DESCRIPTION OF THE DRAWINGS
The accompanying drawings, which are incorporated in and form a part of this specification, are included for exemplary illustration of the principles of the present invention and not intended to limit the present invention to the particular implementations illustrated therein. The drawings are not to scale unless otherwise specifically indicated.
FIG. 1 is a block diagram of an exemplary storage device with a SUE storage partition in accordance with one embodiment.
FIG. 2 is a block diagram of an exemplary multimode storage device in accordance with one embodiment.
FIG. 3 is a block diagram of another exemplary multimode storage device in accordance with one embodiment.
FIG. 4 is a block diagram of exemplary multimode solid state drive (MM-SSD) in accordance with one embodiment.
FIG. 5 is a block diagram illustrating an exemplary translation of address space information to logical address space information in accordance with one embodiment.
FIG. 6 is a block diagram of an exemplary system in accordance with one embodiment.
FIG. 7 is a block diagram of system in accordance with one embodiment.
FIG. 8 is a flow chart of multimode underlying exposure drive method in accordance with one embodiment.
FIG. 9 is a block diagram of an exemplary multimode SSD device in contrast to conventional attempts at a logical SSD approach and a physical SSD approach.
FIG. 10 is a block diagram depicting an exemplary SUE block and a corresponding SUE page for storage in the user area of a multimode storage device in accordance with an embodiment of the present invention.
FIG. 11 is a block diagram depicting an exemplary SUE block of user storage space and corresponding SUE pages for storage in the user area of a multimode storage device in accordance with an embodiment of the present invention.
FIG. 12 is a block diagram depicting an exemplary SUE metapage and corresponding SUE pages for storage in the user area of a multimode storage device in accordance with an embodiment of the present invention.
FIG. 13 is a block diagram depicting an exemplary SUE metablock and corresponding SUE metapages for storage in the user area of a multimode storage device in accordance with an embodiment of the present invention.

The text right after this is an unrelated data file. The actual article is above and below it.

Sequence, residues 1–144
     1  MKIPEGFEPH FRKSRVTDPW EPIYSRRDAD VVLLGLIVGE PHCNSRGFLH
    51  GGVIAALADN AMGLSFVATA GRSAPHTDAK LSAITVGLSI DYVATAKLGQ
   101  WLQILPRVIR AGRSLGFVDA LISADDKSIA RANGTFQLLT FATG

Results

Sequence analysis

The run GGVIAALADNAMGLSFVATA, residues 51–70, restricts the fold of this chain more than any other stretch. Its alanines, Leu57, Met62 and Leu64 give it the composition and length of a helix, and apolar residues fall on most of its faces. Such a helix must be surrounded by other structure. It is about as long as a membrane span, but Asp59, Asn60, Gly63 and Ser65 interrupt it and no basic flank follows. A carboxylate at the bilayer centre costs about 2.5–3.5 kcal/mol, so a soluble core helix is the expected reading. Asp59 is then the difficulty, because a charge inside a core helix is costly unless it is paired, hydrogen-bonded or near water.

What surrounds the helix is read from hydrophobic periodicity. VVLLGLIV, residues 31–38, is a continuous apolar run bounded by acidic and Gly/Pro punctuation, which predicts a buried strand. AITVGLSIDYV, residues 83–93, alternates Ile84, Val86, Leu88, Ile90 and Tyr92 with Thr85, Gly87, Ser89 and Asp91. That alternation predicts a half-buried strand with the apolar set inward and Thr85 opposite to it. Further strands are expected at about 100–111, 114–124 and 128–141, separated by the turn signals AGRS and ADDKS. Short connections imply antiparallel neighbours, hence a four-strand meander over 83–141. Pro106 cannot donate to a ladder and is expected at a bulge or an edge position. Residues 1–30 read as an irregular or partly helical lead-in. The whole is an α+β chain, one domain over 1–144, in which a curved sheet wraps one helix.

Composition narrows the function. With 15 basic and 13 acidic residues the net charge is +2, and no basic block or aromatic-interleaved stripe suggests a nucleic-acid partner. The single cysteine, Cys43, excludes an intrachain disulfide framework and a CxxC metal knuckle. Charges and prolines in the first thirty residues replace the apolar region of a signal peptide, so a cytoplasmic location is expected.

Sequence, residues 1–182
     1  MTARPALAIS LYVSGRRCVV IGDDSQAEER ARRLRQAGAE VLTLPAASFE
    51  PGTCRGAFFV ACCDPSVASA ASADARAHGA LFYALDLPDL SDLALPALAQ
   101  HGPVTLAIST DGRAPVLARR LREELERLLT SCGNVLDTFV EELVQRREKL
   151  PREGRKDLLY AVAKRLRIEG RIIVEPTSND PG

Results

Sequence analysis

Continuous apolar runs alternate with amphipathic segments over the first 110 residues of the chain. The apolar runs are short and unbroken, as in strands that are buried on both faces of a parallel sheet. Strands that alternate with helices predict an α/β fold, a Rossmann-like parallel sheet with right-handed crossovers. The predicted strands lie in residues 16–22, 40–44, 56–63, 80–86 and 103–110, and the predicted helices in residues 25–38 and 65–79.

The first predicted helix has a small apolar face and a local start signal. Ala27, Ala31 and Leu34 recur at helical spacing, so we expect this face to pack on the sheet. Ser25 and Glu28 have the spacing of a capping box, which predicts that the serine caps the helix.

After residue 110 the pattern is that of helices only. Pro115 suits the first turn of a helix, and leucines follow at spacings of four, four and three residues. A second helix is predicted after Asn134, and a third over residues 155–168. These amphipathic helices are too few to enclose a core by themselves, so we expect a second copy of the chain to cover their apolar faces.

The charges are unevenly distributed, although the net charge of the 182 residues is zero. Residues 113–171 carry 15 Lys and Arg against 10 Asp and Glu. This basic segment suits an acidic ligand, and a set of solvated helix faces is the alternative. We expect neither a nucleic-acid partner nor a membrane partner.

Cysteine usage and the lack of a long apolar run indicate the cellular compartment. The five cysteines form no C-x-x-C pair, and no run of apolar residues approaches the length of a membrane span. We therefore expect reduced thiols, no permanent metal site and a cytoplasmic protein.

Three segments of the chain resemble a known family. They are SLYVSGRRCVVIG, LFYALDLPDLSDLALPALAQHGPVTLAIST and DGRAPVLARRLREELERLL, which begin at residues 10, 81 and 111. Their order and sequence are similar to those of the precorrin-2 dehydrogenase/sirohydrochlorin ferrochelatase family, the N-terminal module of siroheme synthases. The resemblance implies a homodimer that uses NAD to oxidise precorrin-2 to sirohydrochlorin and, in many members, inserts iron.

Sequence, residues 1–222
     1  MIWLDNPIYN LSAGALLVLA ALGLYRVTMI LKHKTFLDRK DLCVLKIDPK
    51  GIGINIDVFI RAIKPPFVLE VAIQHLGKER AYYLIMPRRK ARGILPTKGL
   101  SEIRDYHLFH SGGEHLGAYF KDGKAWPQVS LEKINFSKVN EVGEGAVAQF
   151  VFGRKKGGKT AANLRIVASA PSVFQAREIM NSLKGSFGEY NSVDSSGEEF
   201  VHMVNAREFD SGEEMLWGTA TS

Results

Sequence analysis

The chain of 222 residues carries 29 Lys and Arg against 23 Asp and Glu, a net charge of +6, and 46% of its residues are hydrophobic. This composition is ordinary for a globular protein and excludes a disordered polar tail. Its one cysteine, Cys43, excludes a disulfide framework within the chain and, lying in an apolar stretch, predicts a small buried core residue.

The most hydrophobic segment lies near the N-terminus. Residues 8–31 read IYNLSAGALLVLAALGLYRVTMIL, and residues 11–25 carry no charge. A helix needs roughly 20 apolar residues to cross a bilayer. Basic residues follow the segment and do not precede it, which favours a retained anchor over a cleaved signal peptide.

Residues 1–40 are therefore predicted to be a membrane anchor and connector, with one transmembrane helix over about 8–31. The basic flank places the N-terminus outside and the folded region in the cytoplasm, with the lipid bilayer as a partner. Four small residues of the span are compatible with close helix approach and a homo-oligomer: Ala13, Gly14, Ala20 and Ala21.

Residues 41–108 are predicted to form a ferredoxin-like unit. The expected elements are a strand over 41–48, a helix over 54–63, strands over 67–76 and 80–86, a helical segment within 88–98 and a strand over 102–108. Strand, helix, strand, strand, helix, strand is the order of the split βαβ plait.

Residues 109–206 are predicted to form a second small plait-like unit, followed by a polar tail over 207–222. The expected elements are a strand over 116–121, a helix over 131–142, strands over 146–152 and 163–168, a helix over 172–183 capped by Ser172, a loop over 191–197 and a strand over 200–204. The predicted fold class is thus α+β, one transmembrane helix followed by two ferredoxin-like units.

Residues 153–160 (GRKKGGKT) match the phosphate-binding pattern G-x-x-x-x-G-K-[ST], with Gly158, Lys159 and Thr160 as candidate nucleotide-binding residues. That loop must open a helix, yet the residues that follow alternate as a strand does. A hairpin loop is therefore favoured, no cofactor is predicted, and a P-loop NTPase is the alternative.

FIG. 14 is a block diagram depicting another exemplary SUE metablock and corresponding SUE blocks for storage in the user area of a multimode storage device in accordance with an embodiment of the present invention.
FIG. 15 is a block diagram depicting an exemplary SUE mapping scheme that may be implemented by a multimode storage system to provide logical-to-SUE storage address mapping in accordance with an embodiment of the present invention.
FIG. 16 is a schematic view depicting an exemplary storage system that can implement the SUE mapping scheme of FIG. 15.
FIG. 17 is a flowchart representing an exemplary method of mapping a logical address space to a SUE address space in accordance with an embodiment of the present invention.
FIG. 18 is a schematic view illustrating an exemplary multimode storage management system that employs a SUE addressing scheme in order to allow a storage system to address logical and SUE storage spaces in a storage device in accordance with an embodiment of the present invention.
FIG. 19 is a schematic view illustrating another exemplary multimode storage management system that employs a SUE addressing scheme in order to allow a storage system to address logical and SUE storage spaces in a storage device in accordance with an embodiment of the present invention.
FIG. 20 is a schematic view illustrating yet another exemplary multimode storage management system that employs a SUE addressing scheme in order to allow a storage system to address logical and SUE storage spaces in a storage device in accordance with an embodiment of the present invention.
FIG. 21 is a schematic view illustrating a user area access manager (UAAM) that can be implemented by a multimode storage management system in accordance with an embodiment of the present invention.
FIG. 22 is a schematic view illustrating a user area mapping engine (UAME) that can be implemented by a multimode storage management system in accordance with an embodiment of the present invention.
FIG. 23 is a schematic view illustrating a metablock manager (MBM) that can be implemented by a multimode storage management system in accordance with an embodiment of the present invention.
FIG. 24 is a schematic view illustrating a storage device control manager (SCM) that can be implemented by a multimode storage management system in accordance with an embodiment of the present invention.
FIG. 25 is a schematic view illustrating a storage device access manager (SAM) that can be implemented by a multimode storage management system in accordance with an embodiment of the present invention.
FIG. 26 is a schematic view illustrating a global state manager (GSM) that can be implemented by a multimode storage management system in accordance with an embodiment of the present invention.
DETAILED DESCRIPTION